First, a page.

There’s no single, right way to set up a circuit class. One standard template method alternates between strength and cardio exercises. Beginning exercisers, however, may find this format to be too challenging, especially in relation to their cardiorespiratory fitness level.
Here are some additional considerations for designing circuits for beginning exercisers:
-Ability to complete each exercise
The following strength and cardio circuit was inspired by the UCLA template: Upper, Core, Lower, All. The first three categories focus on strength, while the “All” portion focuses on cardio exercises. You can use this template to create any style of cardio- or strength-based circuit courses. The exercises provided were strategically placed to either alternate opposing muscle groups, planes of motion or body parts. This allows certain muscle groups to recover and to avoid fatigue. While the program presented is for beginners, you can progress the exercises as needed.
A 2:1 work-to-rest ratio works well for these circuits. Select times based on your class length and participants’ fitness levels and don’t forget to include appropriate warm-up and cool-down periods. After completing the entire round, signal a water break to allow participants to recover for at least one minute.
Upper: Elevated Push-ups
Elevate a Smith machine bar (or find an elevated surface) to the appropriate height. Cue clients to position hands wider than shoulder-width apart and perform push-ups with elbows bending to 90 degrees.
Progression: Lower the bar.
Core: Moving Hip Bridge
Have clients lie on the floor with knees bent and feet hip-distance apart. Rest the arms along the sides of the body with the palms facing the floor. Lift the hips upward to feel the contraction into the hamstrings, glutes and lower back. Hold for about three seconds and slowly release the hips back to the floor.
Progression: Place feet on a BOSU or stability ball.
Have clients stand tall with feet hip- to shoulder-distance apart. Raise arms to shoulder height in front of the body. Lower the hips into a squat position, bringing the thighs as close to parallel with the floor as possible. Return to standing tall and repeat.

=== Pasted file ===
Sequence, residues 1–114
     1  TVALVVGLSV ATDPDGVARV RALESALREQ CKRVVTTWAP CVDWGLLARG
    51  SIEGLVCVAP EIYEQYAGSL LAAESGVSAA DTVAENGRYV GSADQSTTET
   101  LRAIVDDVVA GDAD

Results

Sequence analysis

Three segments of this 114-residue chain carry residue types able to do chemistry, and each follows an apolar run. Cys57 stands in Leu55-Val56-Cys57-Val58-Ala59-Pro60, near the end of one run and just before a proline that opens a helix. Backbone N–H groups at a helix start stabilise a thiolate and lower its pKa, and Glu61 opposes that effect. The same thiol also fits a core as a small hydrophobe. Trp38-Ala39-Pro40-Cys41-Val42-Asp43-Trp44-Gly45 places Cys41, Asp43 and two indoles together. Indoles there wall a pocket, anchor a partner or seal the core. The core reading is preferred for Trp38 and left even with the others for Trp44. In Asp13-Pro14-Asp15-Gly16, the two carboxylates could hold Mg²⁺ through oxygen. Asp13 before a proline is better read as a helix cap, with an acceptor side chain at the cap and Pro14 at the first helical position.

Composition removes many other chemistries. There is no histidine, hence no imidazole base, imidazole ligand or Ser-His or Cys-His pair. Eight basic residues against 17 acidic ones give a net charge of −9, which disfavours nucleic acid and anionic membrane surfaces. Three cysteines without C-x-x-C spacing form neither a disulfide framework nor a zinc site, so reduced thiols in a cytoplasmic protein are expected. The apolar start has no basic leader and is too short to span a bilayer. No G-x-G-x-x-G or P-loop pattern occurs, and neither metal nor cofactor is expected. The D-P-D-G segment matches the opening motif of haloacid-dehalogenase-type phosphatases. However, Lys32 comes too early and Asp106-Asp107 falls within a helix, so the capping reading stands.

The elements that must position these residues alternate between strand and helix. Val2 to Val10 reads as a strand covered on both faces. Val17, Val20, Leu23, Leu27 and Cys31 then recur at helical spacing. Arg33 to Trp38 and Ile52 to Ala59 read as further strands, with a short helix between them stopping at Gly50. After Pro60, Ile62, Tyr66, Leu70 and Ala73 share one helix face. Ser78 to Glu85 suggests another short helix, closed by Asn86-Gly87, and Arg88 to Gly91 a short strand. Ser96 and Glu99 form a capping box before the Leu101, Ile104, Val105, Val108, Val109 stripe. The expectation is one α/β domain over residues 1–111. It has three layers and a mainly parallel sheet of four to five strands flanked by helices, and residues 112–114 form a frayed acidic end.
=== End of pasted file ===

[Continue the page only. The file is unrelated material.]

Progression: Add load to the exercise.
All: Jumping Jacks
Have clients perform standard jumping jacks for the designated time period.
Upper: Elevated Body-weight Rows
Elevate a Smith machine bar (or find an elevated surface) to the appropriate height. Cue clients to place their hands palms-up and shoulder-width apart on the bar; elbows should be near the sides of the body. Position the feet forward and shoulder-distance apart. Row the body toward the bar and return to the starting position.
Progression: Lower the bar or use a TRX Suspension Trainer.
Assume an all-fours position with the hands shoulder-width apart and the knees hip-distance apart. Extend the legs and place weight on the balls of the feet. Keep the core braced and breathe deeply. To aide the plank, keep the feet hip-distance apart.
Progression: Drive alternating knees toward the chest.
Lower: Reverse Lunges
Position the body upright with feet hip-distance apart. Step the right leg back into a lunge position and return the leg to center. Next, step the left leg behind into a lunge position and return the leg to center. Continue alternating legs.
Progression: Add an external load such as dumbbells.
All: Lateral Skis
From a standing position, hop to the right with the right leg and let the left leg follow, stepping behind. Next, hop to the left with the left leg and let the right leg follow, stepping behind. Continue the side-to-side motion for the designated time period.